Mrs. Robinson’s Explicit Lyrics

I stopped buying CDs about seven or eight years ago. I didn’t stop listening to music, obviously, but when the iPod and iTunes started to become viable alternatives, it just didn’t seem necessary to buy a physical CD. For a while I lamented the demise of cover art, but I got over it. When I was in high school, though, Columbia House and BMG were the way to get your music. They were always offering some insane deal of between six and twelve CDs for the price of one to get on their monthly membership. I signed up for Columbia House and got the twelve CD deal. I can’t remember all the music I got, but I think it included the Counting Crows, maybe REM, the Cranberries, Phil Collins, Simon and Garfunkel’s Greatest Hits…and Dr. Dre’s The Chronic.

urlUntil they got smart and imprinted the explicit lyrics sticker in the cover art, the warning was just a sticker on the outside of the CD. I simply transferred the explicit lyrics sticker from Dr. Dre to Simon and Garfunkel and my problem was solved. Fool anybody, right? I don’t think I knew anything about Dr. Dre other than I’d heard “Nuthin but a ‘G’ Thang” on the radio. It became a guilty pleasure for a nice Christian kid to be bumpin’ Dre in the car as I cruised to 7-11 (even though it was only a block away) for a Super Big Gulp.

It’s difficult for me to separate my feelings about “inappropriate” music from the Christian moral standards by which I judged both it and myself (while still listening to it). I do think that to a certain extent despite background, that type of music is popular because it is transgressive, yet it can be separated from the self. In other words, I can listen to it without it being a part of me. I can live vicariously through the music, through the “profane” language, through the sexual explicitness, through the demeaning treatment of women and figures of authority without actually being that way myself. I told myself that it was just the music that I liked, not the lyrics. But that’s not exactly true, is it?

The debate over the influence of media is not new. Video games, comic books, music, and movies have all come under fire for negatively influencing people (often children, although I think focusing on kids is an excuse to ignore the equally complex influence on adults). With the lines drawn, there are those who suggest that these media “desensitize” people to social norms, thus increasing their chances of in some sense mimicking what they see, read, or hear. They point to the most transgressive elements of these media and seem to have ample evidence for their claims. On the other side, defenders show that the vast majority of people who consume these media don’t become “bad” people, so that it’s not possible to single it out as the cause of transgressive actions. They might even contend that without such “outlets” to blow off steam, people might even be more transgressive.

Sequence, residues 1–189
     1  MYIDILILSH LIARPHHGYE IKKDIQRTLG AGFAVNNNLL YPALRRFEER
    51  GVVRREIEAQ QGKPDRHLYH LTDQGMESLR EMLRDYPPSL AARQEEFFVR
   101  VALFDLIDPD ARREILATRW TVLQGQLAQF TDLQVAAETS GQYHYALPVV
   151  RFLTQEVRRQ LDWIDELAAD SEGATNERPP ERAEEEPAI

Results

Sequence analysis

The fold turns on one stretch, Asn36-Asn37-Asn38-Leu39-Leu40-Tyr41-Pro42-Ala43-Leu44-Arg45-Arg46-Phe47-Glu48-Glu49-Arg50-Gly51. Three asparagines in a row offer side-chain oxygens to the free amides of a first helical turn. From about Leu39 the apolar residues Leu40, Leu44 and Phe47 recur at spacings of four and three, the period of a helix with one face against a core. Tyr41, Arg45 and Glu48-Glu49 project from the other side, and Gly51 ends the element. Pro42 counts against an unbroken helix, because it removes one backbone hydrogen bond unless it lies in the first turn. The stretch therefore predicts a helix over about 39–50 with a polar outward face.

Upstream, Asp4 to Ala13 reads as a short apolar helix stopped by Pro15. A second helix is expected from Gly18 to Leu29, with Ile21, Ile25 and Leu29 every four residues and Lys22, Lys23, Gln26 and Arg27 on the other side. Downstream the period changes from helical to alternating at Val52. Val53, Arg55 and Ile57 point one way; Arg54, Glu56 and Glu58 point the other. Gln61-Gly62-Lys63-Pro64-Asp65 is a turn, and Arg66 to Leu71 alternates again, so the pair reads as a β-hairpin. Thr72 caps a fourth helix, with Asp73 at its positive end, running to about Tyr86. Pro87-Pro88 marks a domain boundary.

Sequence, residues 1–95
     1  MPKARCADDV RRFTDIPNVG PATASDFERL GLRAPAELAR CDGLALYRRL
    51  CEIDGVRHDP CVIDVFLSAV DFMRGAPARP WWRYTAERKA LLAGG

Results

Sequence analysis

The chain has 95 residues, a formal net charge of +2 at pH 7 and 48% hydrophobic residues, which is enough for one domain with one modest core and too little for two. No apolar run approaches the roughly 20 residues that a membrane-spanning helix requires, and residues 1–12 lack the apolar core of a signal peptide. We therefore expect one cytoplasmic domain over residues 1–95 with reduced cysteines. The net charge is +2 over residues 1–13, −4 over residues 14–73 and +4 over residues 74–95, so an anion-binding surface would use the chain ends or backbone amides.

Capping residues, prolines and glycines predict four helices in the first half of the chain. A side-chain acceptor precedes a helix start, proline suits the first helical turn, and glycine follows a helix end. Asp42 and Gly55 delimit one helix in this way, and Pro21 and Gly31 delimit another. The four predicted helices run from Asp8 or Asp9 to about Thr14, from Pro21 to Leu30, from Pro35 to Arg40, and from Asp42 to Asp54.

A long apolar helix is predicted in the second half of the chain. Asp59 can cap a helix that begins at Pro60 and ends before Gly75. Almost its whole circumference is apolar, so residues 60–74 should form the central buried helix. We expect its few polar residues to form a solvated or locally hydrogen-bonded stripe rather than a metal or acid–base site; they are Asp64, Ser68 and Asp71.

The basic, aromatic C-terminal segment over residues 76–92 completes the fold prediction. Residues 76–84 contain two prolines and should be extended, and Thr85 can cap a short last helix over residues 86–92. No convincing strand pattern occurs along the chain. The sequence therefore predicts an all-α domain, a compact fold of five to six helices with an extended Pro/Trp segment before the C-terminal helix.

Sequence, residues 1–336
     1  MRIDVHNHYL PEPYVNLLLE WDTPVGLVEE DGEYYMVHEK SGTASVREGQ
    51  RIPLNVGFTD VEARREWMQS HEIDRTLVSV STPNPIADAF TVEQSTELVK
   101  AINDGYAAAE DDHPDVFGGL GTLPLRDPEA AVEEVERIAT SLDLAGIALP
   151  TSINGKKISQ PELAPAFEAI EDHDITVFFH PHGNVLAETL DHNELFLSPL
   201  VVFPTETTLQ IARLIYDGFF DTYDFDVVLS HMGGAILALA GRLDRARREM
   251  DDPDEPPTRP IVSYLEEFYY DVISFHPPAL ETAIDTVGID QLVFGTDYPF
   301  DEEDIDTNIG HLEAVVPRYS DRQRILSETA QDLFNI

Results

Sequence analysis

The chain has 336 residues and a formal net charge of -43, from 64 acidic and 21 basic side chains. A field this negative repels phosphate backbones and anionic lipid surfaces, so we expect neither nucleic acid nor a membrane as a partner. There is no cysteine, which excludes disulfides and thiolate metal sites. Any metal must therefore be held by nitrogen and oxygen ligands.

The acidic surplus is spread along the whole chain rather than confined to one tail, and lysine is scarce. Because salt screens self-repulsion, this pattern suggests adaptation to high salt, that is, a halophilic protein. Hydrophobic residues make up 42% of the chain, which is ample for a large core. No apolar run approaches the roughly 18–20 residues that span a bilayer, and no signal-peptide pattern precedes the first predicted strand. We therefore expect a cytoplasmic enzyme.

The “truth” lies somewhere in between. Ignoring the question of the ethical responsibilities of the media producers—a significant discussion, although I’m unconvinced of any lasting ethical standards where capitalism is involved—it would be ignorant to assume either that we can posit a self that exists in the world but is unaffected by it, or that we are passive automatons with no ability to filter the information we receive. What is most interesting to me now is how music, as a media in and of itself, is inherently transgressive, or has the potential to be. It is the fact that a series of musical notes can circumvent the normal process by which we like to think we reason and interpret our world. We even identify certain types of music with particular emotions, as if these were inherent to the music itself, because of their ability to produce those emotions within us. When language is then added to music, it adds a message that can become self-founding because it is processed in an emotionally-supported environment transcending the context of its production.

At some point, I was found out and probably threw Dr. Dre away out of guilt or fear of punishment. But there would be others over the years. I had a complicated relationship with Nirvana, Smashing Pumpkins, Alice in Chains, Onyx, Wreckx-N-Effect, and many more. I have long since stopped beating myself up over my musical choices. However, there is still a sense of guilty pleasure in the sensory reception of transgressive action, even if it is as artificially constructed as killing zombies (just as a hypothetical, of course). The way for us to “humanize” music, as well as other media, is not to come to an answer about its societal or individual role, but to take a step back regularly and cognize our complicated relationship with it, recognizing the variegated functions it performs in our own lives. This will neither assign it wholly to the moral realm nor separate it completely from it.

I’ll talk more about specifically religious functions of music this week as well. Until then, any thoughts? Does/should music have a morality?

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